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Risk of COVID-19 Case Importation and the Effect of Quarantine

Webinar Presented By:  Professor Julien Arino, Department of Mathematics, University of Manitoba

Speaker Bio:  Julien Arino is a professor in the Department of Mathematics and an affiliate of the Data Science Nexus at the University of Manitoba. He is a member of the Canadian Centres for Disease Modelling and the Canadian COVID-19 Mathematical Modelling Task Force. His work is in mathematical ecology and epidemiology, with particular focus on population mobility and its consequences. In the context of COVID-19 response, he has focused on global and local importation risks.

Abstract:  COVID-19 has spread to most country-level jurisdictions. Zooming in, though, it is apparent that not all lower level jurisdictions (e.g., cities) see active disease propagation at all times. This effect is particularly evident in isolated locations such as those in northern Canada or the Maritime provinces. Some locations see active transmission chains for a while, following which no new cases are detected for some time, followed in turn by renewed detections. Two main mechanisms can explain this phenomenon: silent transmission chains and case importations from other locations.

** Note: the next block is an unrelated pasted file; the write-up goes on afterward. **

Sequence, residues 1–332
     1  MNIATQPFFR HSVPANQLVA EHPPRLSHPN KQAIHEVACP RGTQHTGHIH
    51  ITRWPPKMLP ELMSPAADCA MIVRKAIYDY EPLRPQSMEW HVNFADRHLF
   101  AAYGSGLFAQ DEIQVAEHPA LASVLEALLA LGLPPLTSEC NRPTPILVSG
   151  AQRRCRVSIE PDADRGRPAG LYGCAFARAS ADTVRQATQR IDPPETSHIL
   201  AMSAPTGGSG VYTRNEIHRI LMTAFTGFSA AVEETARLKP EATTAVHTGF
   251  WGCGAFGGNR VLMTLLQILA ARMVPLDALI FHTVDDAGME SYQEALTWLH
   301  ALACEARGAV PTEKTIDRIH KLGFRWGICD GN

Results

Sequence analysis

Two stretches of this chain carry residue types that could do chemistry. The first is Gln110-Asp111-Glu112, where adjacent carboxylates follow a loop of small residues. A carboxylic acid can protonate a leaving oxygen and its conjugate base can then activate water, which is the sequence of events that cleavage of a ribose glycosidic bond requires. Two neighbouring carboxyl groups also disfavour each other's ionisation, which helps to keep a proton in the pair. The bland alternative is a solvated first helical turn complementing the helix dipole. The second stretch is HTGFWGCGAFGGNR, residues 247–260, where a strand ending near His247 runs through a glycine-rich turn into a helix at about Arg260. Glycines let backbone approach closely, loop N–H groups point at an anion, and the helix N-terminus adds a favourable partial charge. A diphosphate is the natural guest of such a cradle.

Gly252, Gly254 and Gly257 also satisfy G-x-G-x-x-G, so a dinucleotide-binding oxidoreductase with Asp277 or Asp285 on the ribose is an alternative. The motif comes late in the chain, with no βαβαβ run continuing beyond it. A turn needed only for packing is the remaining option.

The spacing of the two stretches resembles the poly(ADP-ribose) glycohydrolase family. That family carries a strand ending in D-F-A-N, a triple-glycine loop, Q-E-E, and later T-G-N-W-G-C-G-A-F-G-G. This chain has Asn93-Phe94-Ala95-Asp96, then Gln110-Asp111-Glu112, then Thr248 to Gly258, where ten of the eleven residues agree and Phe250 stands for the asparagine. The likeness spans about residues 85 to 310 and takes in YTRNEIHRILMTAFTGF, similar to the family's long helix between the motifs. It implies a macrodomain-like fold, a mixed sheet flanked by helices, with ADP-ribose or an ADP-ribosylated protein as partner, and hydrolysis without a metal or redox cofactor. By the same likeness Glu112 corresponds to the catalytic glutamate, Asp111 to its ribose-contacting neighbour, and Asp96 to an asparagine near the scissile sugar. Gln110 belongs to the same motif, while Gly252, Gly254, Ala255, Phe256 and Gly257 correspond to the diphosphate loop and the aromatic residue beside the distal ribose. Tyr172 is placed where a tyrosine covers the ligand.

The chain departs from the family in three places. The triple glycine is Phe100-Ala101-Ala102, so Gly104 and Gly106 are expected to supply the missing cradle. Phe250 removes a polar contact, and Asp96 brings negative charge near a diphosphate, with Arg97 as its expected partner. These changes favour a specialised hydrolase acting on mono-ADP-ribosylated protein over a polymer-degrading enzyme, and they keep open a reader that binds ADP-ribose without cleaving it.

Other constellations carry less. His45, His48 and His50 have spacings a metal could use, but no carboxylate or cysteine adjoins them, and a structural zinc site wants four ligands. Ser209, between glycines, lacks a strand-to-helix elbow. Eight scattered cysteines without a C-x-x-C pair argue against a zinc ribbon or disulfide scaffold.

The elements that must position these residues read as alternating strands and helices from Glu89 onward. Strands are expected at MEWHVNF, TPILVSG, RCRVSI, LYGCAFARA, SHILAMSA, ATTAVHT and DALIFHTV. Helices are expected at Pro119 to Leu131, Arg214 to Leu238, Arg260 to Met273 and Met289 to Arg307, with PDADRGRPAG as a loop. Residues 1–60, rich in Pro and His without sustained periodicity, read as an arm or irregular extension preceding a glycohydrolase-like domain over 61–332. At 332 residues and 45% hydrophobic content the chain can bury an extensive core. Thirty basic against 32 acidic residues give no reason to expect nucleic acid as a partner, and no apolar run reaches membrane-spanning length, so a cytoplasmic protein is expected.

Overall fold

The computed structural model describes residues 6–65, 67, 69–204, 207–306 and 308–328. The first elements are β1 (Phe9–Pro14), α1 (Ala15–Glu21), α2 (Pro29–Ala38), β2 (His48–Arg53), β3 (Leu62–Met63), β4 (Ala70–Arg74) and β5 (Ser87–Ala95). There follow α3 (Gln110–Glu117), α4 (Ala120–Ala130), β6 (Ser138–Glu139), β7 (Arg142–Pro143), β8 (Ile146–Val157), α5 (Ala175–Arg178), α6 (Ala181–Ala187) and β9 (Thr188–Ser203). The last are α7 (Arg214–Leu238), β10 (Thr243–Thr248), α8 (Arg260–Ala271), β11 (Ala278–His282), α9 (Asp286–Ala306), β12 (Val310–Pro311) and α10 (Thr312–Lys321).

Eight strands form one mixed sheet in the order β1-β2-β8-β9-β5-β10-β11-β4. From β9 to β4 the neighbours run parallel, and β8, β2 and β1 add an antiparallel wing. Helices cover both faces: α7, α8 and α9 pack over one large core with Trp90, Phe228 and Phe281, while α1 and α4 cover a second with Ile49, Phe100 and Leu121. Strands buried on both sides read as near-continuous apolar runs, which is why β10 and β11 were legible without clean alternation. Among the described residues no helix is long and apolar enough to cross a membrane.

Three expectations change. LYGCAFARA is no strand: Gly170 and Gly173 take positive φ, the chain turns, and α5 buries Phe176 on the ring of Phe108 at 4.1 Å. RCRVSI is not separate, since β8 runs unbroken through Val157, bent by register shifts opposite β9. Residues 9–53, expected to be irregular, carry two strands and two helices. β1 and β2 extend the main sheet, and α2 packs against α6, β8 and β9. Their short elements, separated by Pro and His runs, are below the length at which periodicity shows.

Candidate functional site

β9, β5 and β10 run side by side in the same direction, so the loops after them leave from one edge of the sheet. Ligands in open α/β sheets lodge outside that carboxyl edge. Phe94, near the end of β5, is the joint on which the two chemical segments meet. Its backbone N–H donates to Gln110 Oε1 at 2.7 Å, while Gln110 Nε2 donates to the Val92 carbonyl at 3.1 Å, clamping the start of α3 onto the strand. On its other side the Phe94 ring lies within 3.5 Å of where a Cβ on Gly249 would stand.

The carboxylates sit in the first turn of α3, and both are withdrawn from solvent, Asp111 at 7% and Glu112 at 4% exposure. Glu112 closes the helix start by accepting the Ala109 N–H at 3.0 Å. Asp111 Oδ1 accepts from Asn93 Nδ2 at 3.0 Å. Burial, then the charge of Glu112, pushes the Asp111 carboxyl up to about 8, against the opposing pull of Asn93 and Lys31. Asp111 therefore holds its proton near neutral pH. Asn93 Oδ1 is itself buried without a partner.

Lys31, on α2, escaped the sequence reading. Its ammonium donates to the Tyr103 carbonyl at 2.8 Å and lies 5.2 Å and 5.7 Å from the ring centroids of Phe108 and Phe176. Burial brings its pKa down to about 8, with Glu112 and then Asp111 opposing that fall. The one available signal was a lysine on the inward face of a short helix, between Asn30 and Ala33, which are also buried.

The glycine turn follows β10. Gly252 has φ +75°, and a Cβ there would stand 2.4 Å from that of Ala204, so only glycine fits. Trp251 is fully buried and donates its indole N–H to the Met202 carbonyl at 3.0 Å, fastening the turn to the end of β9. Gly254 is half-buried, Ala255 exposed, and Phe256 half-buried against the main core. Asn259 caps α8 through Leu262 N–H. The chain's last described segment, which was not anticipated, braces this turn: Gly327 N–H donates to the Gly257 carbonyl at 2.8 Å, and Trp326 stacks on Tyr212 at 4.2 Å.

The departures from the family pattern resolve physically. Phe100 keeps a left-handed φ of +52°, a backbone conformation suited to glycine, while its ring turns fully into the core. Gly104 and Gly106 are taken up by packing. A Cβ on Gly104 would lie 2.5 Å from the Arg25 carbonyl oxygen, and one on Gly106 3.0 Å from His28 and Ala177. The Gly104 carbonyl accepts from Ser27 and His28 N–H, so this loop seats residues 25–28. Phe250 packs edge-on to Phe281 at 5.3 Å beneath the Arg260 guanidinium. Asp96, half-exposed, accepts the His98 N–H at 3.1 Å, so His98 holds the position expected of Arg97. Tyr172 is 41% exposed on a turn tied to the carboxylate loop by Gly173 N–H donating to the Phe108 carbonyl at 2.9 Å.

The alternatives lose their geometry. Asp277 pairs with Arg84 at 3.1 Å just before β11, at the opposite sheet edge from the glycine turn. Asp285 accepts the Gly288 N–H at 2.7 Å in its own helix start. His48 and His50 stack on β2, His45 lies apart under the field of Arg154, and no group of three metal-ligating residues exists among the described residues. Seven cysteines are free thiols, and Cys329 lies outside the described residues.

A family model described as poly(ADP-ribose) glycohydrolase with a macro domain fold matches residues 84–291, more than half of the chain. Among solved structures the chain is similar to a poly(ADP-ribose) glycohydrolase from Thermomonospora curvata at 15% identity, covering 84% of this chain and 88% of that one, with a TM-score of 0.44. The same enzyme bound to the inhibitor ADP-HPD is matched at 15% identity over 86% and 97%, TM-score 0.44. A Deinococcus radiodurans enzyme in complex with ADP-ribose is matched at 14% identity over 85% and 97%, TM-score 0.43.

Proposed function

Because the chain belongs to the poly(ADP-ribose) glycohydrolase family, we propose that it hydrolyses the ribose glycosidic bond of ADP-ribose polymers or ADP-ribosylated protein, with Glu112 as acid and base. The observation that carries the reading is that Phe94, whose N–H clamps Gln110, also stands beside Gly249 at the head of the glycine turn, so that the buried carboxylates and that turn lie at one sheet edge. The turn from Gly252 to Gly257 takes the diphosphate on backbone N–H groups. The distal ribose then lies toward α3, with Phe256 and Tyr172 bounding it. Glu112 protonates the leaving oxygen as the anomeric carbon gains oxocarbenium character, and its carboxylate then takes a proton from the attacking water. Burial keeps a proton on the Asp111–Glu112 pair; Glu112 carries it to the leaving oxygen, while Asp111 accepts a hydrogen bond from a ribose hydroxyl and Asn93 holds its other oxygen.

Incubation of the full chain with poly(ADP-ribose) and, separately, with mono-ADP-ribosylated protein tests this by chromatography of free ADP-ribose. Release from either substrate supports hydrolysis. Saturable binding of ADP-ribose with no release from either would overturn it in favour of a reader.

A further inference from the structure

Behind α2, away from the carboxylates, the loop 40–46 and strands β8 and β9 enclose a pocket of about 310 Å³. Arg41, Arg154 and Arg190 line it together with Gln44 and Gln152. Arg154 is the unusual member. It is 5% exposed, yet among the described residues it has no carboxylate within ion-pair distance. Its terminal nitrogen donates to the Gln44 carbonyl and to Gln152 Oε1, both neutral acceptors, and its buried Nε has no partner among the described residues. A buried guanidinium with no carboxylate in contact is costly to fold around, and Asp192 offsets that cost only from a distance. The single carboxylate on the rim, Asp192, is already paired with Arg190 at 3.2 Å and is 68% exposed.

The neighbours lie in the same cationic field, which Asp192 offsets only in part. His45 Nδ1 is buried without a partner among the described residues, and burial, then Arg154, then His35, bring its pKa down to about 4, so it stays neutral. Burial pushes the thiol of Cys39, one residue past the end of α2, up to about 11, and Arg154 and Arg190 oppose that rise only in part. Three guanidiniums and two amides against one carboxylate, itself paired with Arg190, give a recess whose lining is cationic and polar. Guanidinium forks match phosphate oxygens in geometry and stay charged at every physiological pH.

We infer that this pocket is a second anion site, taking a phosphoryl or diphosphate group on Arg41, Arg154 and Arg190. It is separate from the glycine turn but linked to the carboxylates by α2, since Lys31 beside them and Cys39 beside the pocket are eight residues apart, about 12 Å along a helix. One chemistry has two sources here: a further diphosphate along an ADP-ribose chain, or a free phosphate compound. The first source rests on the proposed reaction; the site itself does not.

In this work, we focus on importations. We consider a location in which there are few or no local transmission events. A stochastic model is used to describe the spread of COVID-19 within the location and the response of the model to both single and multiple importation events is evaluated. This allows us to quantify the risk of importation as a function of both the frequency of importations and the intensity of local public health effort. We then use the same model to describe individual infection histories, obtaining a quantification of the efficacy of quarantine as a function of its duration and disease characteristics.

Date and Time:  December 9, 2020 | 3:00 p.m. Eastern Time (US and Canada)

Recording of Julien Arino's Webinar

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